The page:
National Gallery of Canada / Musée des beaux-arts du Canada

Bulletin 7 (IV:1), 1966

Annual Index
Author & Subject

Book Illustration and Design By Canadian Artists 1890-1940 with a list of books illustrated by 
members of the Group of Seven

by Sybille Pantazzi, Librarian,
The Art Gallery of Toronto

1  |  2  |  3  |  4


1 St George Burgoyne, 'Some Canadian Illustrators', Canadian Bookman, January 1919, pp. 21-25; April 1919, pp.27-30. Paul Duval, 'Word & Picture: the Story of Illustration in Canada', Provincial's Papel, XXVI, 2, 1961. 'Who's Who in Ontario Art' (in Ontario Library Review, occasionally, from November 1947) lists books illustrated by certain artists, e.g. A. Y. Jackson, C. W. Jefferys etc.

2 William Colgate, The Toronto Art Students' League 1886-1904, Toronto, Ryerson Press, 1954. (In 1898 the League shortened its name to 'The Toronto Art League.')

3 Colgate, pp. 19, 29.

4 'The designer should reject subjects which do not admit of a decorative treatment' and 'ornament ...should  form part of the page, should be part of the whole scheme of the book'. Emery Walker & William Morris, Arts & Crafts Essays...London, 1893, pp. 246, 132.

5 R. H. Hubbard, The Development of Canadian Art, Ottawa 1963, pp. 86ff. Eric Arthur, Toronto, No Mean City, Toronto 1964, pp. 219ff.

6 In this same year the first exhibition of the Arts & Crafts Society of Canada was held in Toronto. It had been preceded by an Applied Art Exhibition held under the auspices of the Ontario Society of Artists in 1900, to which A. H. Howard, Arthur G. Goode and Norman; Price of the League had contributed. The second exhibition of the Arts & Crafts Society of Canada (which had changed its name to the Canadian Society of Applied Art) was held in 1905. Designs for calendars, book covers, etc. were exhibited by Howard, Price, A. A. Martin, T. G. Greene and J. E. H. MacDonald. A pamphlet was issued in connection with this exhibition outlining the criteria according to which works would be judged. It emphasized the importance of technical excellence, stylization and originality and stated that 'decorative designs ...should in general be flat...and that 'purely naturalistic forms should in general be eschewed'.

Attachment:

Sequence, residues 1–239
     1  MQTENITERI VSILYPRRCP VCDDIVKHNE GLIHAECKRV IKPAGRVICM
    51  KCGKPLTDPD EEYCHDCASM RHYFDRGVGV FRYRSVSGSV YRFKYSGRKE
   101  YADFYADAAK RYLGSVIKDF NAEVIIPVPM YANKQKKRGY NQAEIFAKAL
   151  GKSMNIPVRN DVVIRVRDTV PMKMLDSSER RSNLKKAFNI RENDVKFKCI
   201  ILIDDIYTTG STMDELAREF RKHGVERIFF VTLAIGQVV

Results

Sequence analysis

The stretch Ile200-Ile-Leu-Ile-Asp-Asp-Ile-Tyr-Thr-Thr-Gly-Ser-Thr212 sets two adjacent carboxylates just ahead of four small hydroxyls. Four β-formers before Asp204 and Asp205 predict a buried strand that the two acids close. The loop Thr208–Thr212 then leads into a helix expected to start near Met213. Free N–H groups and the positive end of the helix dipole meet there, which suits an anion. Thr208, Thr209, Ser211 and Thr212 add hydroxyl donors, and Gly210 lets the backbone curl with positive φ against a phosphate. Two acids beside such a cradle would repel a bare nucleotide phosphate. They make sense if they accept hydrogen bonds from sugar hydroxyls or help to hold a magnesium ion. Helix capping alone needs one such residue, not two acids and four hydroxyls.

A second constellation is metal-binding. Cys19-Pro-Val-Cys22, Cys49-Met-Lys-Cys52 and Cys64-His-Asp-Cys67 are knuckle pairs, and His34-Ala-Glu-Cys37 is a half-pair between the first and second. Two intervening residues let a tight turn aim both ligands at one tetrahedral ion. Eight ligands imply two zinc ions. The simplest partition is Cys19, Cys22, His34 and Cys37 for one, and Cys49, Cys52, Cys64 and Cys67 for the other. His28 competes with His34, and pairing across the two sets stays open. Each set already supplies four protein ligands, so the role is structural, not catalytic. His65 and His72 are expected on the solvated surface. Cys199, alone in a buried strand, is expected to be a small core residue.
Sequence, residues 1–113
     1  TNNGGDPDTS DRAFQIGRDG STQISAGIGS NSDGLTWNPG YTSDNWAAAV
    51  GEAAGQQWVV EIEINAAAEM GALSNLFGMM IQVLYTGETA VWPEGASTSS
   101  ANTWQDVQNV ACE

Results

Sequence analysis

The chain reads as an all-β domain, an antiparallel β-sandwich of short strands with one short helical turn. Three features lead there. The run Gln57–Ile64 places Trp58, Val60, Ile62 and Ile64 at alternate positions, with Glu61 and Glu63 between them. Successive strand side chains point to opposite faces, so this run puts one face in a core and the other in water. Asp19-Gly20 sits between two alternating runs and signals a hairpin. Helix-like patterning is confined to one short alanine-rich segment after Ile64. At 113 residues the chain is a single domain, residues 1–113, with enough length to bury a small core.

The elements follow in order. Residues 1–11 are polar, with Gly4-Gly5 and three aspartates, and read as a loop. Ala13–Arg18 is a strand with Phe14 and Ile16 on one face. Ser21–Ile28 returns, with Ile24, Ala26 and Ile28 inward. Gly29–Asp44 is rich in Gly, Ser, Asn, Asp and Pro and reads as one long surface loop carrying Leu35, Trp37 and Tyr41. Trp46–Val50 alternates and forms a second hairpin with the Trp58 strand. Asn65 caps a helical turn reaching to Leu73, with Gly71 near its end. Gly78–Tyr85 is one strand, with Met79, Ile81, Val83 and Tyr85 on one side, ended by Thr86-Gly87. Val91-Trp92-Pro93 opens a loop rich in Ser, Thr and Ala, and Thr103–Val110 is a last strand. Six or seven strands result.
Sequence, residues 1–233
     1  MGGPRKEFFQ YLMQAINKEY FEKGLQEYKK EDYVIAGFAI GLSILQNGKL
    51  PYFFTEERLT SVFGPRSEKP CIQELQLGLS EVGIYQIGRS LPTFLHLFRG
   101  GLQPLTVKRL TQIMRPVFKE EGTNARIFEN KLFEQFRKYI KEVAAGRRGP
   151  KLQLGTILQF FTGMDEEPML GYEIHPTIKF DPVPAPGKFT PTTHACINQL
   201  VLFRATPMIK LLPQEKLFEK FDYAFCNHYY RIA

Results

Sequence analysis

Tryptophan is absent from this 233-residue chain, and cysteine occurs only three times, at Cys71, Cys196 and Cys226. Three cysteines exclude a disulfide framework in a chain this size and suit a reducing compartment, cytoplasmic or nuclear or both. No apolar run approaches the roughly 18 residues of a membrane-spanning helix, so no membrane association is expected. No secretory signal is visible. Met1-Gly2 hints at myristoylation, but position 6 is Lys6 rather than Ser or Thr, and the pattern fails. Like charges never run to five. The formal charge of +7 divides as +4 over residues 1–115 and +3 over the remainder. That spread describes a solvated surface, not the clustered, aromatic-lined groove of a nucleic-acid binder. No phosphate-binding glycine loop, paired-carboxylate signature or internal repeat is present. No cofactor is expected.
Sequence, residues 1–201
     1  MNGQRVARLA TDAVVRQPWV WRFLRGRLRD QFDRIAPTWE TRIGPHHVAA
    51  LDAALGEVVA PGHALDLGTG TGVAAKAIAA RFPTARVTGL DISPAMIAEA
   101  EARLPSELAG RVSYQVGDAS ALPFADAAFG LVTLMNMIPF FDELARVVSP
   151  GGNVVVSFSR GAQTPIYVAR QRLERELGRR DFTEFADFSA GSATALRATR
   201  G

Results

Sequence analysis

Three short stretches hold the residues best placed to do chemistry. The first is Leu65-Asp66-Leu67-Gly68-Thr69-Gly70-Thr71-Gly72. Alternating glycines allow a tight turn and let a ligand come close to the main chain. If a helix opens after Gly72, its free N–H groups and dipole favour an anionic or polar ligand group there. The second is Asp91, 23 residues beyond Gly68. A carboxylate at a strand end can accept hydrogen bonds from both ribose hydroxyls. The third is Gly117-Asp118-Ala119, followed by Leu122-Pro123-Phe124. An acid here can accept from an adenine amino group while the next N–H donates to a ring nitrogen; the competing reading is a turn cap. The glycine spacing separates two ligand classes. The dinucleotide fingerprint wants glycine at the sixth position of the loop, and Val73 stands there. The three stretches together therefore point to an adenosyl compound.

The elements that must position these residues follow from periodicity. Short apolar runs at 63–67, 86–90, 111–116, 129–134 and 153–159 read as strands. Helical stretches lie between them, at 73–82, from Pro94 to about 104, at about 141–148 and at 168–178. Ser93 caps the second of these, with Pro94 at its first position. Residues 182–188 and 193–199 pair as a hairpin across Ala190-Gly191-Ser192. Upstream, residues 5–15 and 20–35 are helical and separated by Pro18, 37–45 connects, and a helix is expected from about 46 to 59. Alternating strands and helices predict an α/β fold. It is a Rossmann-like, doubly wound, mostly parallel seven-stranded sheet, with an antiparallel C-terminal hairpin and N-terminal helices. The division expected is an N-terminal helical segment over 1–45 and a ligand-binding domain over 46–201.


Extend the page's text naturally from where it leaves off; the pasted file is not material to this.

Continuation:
7 According to Colgate (p. 25) the four artists who joined the Carlton Studio were Greene, Martin, Price and  Arthur G. Goode. However, the notepaper of the 'Carlton Studio, Designers & Illustrators, 180 Fleet Street, E.C. 2' lists only the names of A. A. Turbayne, Martin, Wallace and Price. The photograph (Fig.1), kindly lent by Mr Thoreau MacDonald, was taken soon after the arrival of the four Canadians in London. They rented the top-hats for the occasion and sent the picture home as a joke.

8 Some of Turbayne's cover designs for Macmillan are illustrated in Lionel Darley, Bookbinding Then & Now, London 1959, facing p. 70. cf. also Lewis F. Day, 'Cloth Bookbindings', Art Journal, 1901, pp.113-117.

9 A copy of this book, signed by Turbayne & Price, was given to Robert Holmes by Martin. It is now in the library of the Ontario College of Art, to which Holmes bequeathed his books.

10 Letters to these publishers have produced no further information. As designers were not always encouraged  to sign their work at that time, the identification of their work is very hazardous in absence of the artist's or the publisher's records.

11 By David Boyle. Toronto, Musson, 1908.